On January 20, 1942, Gandhi remarked while discussing the Pakistan scheme: “What conflict of interest can there be between Hindus and Muslims in the matter of revenue, sanitation, police, justice or the use of public conveniences? The difference can only be in religious usage and observance with which a secular state has no concern.”
From then until he was shot dead in cold blood on January 30, 1948, his responses and articulation on the disassociation of religion from politics became even clearer and sharper. This meant, in effect, he was a great threat to past- and present-day proponents of a Hindu rashtra.
Faced with the growing appeal of communalists across the religious spectrum, in the early to mid-1900s, Gandhi remained firm in his commitment to equal citizenship based on human rights and dignity.
Contrast this to the HMS at the same time. In 1937, at the open session of the Hindu Mahasabha held at Ahmedabad, V.D. Savarkar asserted in his presidential address: “India cannot be assumed today to be a unitarian and homogenous nation, but on the contrary, there are two nations in the main – the Hindus and the Muslims.”
By 1945, Savarkar had gone to the extent of stating, “I have no quarrel with Mr. Jinnah’s two-nation theory. We, the Hindus, are a nation by ourselves, and it is a historical fact that the Hindus and the Muslims are two nations.” It was this sentiment of separate and irreconcilable identities of the followers of these religions that led to the communal holocaust and the formation of Pakistan.
If the Muslim League and Jinnah need to squarely be positioned for their responsibility in articulating a politics that eventually led to a communal bloodbath, the HMS and the RSS, with their consistently-divisive politics, cannot escape their share of the blame.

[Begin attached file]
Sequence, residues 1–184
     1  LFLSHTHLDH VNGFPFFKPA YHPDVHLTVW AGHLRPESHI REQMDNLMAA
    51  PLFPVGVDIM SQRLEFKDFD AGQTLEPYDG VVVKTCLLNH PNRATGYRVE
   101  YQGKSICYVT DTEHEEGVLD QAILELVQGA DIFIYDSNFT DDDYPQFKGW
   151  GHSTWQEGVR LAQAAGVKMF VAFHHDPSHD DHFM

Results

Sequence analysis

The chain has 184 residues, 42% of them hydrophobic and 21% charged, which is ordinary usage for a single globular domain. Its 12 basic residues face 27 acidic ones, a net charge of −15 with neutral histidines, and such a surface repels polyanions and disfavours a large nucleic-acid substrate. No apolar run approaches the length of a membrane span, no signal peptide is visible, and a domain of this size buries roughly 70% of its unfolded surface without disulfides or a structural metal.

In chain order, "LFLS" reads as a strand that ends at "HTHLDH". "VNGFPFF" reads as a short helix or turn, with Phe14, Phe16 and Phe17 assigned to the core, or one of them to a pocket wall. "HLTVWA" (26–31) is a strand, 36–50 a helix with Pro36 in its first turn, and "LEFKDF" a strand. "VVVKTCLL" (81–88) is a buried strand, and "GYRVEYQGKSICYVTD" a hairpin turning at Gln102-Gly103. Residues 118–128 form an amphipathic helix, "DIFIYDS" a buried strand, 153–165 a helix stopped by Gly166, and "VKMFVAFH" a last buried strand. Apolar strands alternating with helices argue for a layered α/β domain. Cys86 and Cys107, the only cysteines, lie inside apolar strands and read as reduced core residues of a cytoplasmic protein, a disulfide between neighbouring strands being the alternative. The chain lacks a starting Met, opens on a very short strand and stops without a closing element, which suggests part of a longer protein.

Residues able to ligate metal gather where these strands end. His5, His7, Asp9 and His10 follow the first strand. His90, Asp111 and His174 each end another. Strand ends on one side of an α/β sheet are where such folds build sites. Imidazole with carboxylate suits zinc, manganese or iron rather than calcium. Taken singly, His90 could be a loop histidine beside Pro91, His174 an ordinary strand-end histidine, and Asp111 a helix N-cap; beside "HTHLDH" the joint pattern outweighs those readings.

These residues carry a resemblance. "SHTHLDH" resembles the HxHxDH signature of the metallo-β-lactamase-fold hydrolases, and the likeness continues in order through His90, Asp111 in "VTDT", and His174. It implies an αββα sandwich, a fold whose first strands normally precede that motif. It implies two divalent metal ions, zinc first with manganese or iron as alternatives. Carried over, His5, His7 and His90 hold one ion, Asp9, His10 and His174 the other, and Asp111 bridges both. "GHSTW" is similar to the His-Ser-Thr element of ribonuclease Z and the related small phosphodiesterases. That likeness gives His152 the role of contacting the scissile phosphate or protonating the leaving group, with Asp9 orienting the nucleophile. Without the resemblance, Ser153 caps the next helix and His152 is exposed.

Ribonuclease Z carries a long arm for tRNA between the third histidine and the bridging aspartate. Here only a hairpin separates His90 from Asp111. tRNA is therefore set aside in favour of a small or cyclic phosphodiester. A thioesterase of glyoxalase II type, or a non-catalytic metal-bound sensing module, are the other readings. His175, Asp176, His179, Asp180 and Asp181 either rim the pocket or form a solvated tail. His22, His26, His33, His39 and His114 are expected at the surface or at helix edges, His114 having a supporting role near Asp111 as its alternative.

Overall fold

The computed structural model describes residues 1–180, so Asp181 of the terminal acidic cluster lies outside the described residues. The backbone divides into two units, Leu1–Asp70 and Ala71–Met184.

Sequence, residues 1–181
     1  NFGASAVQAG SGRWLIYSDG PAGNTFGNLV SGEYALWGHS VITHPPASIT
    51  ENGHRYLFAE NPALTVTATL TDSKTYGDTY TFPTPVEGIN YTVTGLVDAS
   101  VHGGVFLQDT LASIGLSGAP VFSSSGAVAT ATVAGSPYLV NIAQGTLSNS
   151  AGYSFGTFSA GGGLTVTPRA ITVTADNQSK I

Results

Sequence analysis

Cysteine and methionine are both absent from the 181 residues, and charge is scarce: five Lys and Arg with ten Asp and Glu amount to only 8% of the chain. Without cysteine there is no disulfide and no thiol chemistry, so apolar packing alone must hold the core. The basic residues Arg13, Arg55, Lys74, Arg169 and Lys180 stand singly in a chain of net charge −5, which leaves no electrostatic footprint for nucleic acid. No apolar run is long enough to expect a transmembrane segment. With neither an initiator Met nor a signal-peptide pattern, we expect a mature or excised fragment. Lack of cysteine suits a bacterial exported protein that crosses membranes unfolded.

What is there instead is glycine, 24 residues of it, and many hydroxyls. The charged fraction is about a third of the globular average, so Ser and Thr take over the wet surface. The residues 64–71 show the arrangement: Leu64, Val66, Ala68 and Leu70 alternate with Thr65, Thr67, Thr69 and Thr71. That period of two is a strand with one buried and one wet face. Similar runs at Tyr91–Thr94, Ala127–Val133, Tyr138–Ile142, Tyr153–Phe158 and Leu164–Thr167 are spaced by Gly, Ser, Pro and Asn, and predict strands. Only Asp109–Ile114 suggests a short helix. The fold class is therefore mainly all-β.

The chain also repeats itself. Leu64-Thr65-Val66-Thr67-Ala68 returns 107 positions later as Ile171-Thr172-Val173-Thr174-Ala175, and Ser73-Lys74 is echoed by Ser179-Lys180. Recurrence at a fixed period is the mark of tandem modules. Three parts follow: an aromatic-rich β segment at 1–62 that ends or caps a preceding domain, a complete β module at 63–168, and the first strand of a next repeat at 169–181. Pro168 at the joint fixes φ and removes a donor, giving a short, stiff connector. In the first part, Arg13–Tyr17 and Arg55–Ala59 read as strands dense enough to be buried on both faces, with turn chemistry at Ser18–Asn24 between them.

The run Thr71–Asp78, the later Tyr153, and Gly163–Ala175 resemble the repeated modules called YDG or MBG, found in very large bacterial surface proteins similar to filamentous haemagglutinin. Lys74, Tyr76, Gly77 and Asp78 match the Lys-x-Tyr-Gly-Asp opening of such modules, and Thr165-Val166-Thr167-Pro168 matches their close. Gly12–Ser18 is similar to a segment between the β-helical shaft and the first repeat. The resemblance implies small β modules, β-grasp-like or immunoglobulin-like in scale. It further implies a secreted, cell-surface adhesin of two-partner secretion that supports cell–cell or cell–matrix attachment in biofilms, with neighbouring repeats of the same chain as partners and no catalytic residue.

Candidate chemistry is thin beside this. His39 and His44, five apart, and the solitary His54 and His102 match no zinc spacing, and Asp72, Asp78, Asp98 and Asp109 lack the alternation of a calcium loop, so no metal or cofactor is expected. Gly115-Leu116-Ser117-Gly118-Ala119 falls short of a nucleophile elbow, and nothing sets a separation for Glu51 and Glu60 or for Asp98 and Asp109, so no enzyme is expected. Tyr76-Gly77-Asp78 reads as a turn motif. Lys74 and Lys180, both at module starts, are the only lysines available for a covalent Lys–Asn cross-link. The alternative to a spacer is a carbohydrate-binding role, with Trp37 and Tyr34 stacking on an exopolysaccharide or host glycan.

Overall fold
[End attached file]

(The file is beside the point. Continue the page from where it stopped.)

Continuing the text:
A deep source of resentment for the proponents of a Hindu Rashtra was the democratic and egalitarian agenda being articulated by the national leadership through the Karachi resolution. The attempts on Gandhi’s life that began in 1934 were a response to the dominant political articulations on nationhood, caste and economic and other democratic rights that constituted a direct challenge to a hegemonic and authoritarian Hindu Rashtra. In 1933, the year before the first attempt on Gandhi’s life, he had declared firm support for two Bills, one of which was against the abhorrent practice of ‘untouchability.’
The run-up to independence and, unfortunately, partition, was the scene or battleground for fundamentally different notions of nationhood. While over 100 years of sustained movements and mobilizations to throw off British yoke were rooted in the united battle of all Indians against foreign rule, the early to mid 1900s saw the birth and emergence of sectarian and communal definitions of Indian and Pakistani nationhood. With the birth of the HMS, the Muslim League and the RSS, these movements were in constant battle with the larger movement, significantly, at different points of time actually acting as collaborators with the British.
In September 1946, Gandhi told a Christian missionary, “If I were a dictator, religion and state would be separate. I swear by my religion. I will die for it. But it is my personal affair. The state has nothing to do with it. The state would look after your secular welfare, health, communications, foreign relations, currency and so on, but not your or my religion. That is everybody’s personal concern!”
It was this overall understanding came subsequently to be reflected in Articles 25, 26 and 27 of the Constitution.
Gandhi soon after elaborated on this point, proclaiming in a speech at Narkeldanga: “In the India for whose fashioning he had worked all his life every man enjoyed equality of status, whatever his religion was. The state was bound to be wholly secular. He went so far as to say that no denominational institution in it should enjoy state patronage. All subjects would thus be equal in the eye of the law.”